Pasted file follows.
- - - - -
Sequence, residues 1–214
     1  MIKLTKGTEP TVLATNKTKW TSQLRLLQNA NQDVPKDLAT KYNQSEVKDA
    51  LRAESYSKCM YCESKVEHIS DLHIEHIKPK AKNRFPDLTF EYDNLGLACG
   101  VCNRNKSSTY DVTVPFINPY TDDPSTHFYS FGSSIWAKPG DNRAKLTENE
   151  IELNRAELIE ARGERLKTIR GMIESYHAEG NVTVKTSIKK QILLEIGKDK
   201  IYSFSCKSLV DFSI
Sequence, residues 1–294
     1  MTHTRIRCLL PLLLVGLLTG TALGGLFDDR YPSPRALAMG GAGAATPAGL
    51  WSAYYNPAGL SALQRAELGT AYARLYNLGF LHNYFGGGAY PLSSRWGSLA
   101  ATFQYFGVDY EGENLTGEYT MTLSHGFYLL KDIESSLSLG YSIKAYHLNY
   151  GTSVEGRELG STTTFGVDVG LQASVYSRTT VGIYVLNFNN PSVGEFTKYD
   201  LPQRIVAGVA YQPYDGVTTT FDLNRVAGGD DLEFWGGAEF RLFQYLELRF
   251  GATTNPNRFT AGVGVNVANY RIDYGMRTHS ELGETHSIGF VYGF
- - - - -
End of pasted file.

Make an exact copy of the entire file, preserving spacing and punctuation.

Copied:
Sequence, residues 1–214
     1  MIKLTKGTEP TVLATNKTKW TSQLRLLQNA NQDVPKDLAT KYNQSEVKDA
    51  LRAESYSKCM YCESKVEHIS DLHIEHIKPK AKNRFPDLTF EYDNLGLACG
   101  VCNRNKSSTY DVTVPFINPY TDDPSTHFYS FGSSIWAKPG DNRAKLTENE
   151  IELNRAELIE ARGERLKTIR GMIESYHAEG NVTVKTSIKK QILLEIGKDK
   201  IYSFSCKSLV DFSI
Sequence, residues 1–294
     1  MTHTRIRCLL PLLLVGLLTG TALGGLFDDR YPSPRALAMG GAGAATPAGL
    51  WSAYYNPAGL SALQRAELGT AYARLYNLGF LHNYFGGGAY PLSSRWGSLA
   101  ATFQYFGVDY EGENLTGEYT MTLSHGFYLL KDIESSLSLG YSIKAYHLNY
   151  GTSVEGRELG STTTFGVDVG LQASVYSRTT VGIYVLNFNN PSVGEFTKYD
   201  LPQRIVAGVA YQPYDGVTTT FDLNRVAGGD DLEFWGGAEF RLFQYLELRF
   251  GATTNPNRFT AGVGVNVANY RIDYGMRTHS ELGETHSIGF VYGF